Cardinia Beaconhills Golf Links is a hidden gem, nestled in the foothills of the picturesque Dandenong ranges. Behind the bustling and welcoming atmosphere of today lies a history of survival reaching back to the 1920s. Charles Ford, a well-known caterer who ran The Palms Restaurant in Alexandra Gardens (later known as The Dorchester) was the original visionary who had agricultural land repurposed for a golf course. His ambitious plan was for a country retreat complete with clubhouse, accommodation, lakes for a regatta and an 18-hole golf course.

Published in The Herald Wed 23 May 1928

The ‘golf house’ and nine holes known as The Lakes Golf Links was opened on 1st November 1930. The original layout of the course was said to include three each of par threes, par fours and par fives with the ninth hole finishing near the golf house, somewhere near the current thirteenth green. On one tee players teed off the roof of a rustic shed. The original plan for the course was laid out by Dick Banks – one of the first PGA professionals in Australia – but how many holes still bear his signature is unknown. The first hole is certainly original and probably the sixth. The original ‘golf house’ which stands today – backed by a 1970s bar extension – carries its own history. It was constructed of materials from the course as the land was cleared by men on ‘susso’ driving oxen – huge local gums, bark and granite pillars. Under the verandah if you look up you can see the original latticework branches. This construction technique was used through the entire roof which was originally exposed. It is still there but now hidden by ceilings. Over the years a few ‘tradies’ have seen it and are fascinated. The original granite fireplace remains in constant use through winter but the decor has changed for the better when you consider that in 1930 there was a tiger skin hanging above the mantle and others stretched on the floor. On opening day there were large staghorn ferns on the external bark walls, there were masses of ferns inside and out and Charles Ford’s favourite palm trees were used extensively in the landscaping.  There are a few straggly remnants of these original trees near the causeway and a few others out on the Lakes. The golf house was said to be ‘lavishly’ furnished. 

Published in The Herald Sat 29 Nov 1930: Victoria’s latest golf and country club – an interior view of the golf and country club house recently completed at “The Lakes” Upper Beaconsfield. 
In the mid-1930s Charles Ford was caught out by the depression and lack of capital and his dream failed. Not being able to find a buyer who would stick, the mortgage holder Colonial Mutual Assurance Company took over the property at the end of 1938. The club was managed through the war years by Herbie Falconer an amateur golfer who had already been instrumental in moving Albert Park from 9 to 18 holes. Extra land was purchased, the 18-holes completed and the facility re-named Beaconhills Golf Links. After the war CML resumed their intention to sell and that is when a club was formed. On August 4th 1947 the first meeting was held at the Australian Glass Manufacturers office in Spencer Street. The name decided upon was Beaconhills Country Golf Club. The founding members each paid a debenture to inject capital. Accountant and Liquidator Frank Harding was elected as the first President, he later became the first Life Member.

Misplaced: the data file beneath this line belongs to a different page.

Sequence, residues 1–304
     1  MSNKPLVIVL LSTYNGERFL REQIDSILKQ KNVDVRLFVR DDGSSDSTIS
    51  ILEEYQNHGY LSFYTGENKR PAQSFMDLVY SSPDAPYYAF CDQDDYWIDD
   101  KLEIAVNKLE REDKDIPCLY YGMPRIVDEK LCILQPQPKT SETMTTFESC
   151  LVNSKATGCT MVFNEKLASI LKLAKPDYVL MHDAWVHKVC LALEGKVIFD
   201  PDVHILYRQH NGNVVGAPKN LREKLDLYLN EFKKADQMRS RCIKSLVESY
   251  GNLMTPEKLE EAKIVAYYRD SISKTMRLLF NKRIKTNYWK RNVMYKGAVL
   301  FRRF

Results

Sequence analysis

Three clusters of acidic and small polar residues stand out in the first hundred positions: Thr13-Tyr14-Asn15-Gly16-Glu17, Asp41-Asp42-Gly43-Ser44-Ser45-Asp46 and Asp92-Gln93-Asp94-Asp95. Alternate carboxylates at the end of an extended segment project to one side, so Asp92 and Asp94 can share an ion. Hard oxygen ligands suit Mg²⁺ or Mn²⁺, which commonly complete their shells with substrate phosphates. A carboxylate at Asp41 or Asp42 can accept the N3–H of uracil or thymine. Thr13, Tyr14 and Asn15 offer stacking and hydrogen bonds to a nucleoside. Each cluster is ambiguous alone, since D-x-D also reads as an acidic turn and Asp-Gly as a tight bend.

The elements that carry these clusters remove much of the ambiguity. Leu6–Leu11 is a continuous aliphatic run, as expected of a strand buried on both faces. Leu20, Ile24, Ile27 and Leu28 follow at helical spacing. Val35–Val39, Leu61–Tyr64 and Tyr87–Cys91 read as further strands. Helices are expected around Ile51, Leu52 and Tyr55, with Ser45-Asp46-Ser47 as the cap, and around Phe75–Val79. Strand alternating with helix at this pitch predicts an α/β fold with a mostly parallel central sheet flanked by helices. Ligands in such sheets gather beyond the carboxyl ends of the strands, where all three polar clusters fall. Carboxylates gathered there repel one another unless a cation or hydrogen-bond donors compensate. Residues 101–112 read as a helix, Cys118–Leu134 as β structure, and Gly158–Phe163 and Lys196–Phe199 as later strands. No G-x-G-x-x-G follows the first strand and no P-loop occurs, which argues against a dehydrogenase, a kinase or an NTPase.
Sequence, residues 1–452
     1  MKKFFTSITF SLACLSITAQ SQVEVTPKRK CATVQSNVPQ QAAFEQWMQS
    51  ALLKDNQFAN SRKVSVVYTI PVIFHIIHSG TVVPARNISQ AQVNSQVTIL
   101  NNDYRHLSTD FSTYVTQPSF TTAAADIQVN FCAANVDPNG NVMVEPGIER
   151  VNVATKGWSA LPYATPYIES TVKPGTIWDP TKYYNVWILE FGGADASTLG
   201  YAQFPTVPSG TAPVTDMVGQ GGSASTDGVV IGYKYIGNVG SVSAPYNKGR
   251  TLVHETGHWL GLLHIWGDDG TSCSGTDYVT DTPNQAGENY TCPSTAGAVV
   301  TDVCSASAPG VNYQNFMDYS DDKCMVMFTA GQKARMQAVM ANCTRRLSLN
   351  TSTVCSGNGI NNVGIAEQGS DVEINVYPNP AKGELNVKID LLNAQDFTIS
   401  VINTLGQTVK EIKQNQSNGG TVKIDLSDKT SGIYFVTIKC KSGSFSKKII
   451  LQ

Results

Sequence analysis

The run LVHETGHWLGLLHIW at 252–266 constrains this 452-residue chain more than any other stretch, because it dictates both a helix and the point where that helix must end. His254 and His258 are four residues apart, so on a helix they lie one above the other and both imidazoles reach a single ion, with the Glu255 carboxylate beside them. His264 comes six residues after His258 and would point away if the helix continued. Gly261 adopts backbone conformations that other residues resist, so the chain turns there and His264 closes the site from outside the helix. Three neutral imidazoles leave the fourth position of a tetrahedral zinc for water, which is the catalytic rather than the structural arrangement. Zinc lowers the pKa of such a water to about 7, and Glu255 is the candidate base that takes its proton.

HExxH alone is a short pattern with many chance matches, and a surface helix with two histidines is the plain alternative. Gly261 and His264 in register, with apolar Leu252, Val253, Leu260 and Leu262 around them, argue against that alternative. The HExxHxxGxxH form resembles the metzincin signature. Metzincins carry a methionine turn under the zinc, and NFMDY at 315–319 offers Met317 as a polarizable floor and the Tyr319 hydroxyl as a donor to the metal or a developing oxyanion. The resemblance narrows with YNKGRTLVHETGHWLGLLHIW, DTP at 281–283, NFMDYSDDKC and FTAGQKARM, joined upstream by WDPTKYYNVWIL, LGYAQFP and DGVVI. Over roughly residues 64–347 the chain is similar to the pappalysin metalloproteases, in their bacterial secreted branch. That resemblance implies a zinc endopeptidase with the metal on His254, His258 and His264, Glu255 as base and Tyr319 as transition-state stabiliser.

Members have and always will take pride and pleasure in the improvements to their course. The dam to the right of the 4th green was built to ensure water supply. Bunkers such as on the 1st, 2nd and 6th were added and greens such as the 16th pushed back. Until the 2nd hole of the Hills was built, the 2nd tee was behind the first green and the par 5 4th hole was played as a par 4 and a par 3. A ‘manager’s residence’ was built and in the mid 70s, the clubhouse was extended and a liquor licence obtained. Until then, members had brought their own beer and left it labelled in the ‘fridge. 

In the 1970s and early 1980s golf was booming. The club owned enough land for a second 18 holes and decided to expand. The course was underway when the 1983 Ash Wednesday fires brought tragedy to the community of Upper Beaconsfield.  On February 16, 1983, a late change of wind turned a 15km long fire into a broad front that devastated the township. The inferno took 21 lives and destroyed 186 homes. The members of the club rallied and did their best to overcome the disaster. The club turned into a refuge for nine local families who lived in caravans at the golf course, using the club’s facilities for several months. Miraculously, not just the clubhouse but the 18-hole course in mid construction survived. By 1984 36 holes were in play, the original course known as the Hills and the new course as the Lakes.

The club continued to evolve and prosper before hitting troublesome financial times with the downturn of golf. In 2007 36 holes turned into 27 holes. The spare land was intended for residential sale as five large blocks. This plan was successfully opposed at VCAT by The Green Wedge. The following years were tough but a deal with the Cardinia Council brought hope and a future to the club. The land was sold to the Council for 4.15 million with 2.68 million being injected back in capital fund projects between 2012-2019, one of the most popular being the driveway. The club has a secure 50-year lease with the Cardinia Council. The club house has been renovated and rejuvenated, general course improvements including drainage and irrigation have been made, and cart sheds for members have been constructed. A purpose for the fallow land is in the hands of the Council, if sold the club still stands to receive a share.

Our name Cardinia Beaconhills Golf Links reflects a little of each era of our history. It is a history we appreciate but it is a habit with golfers to look forward to the next game.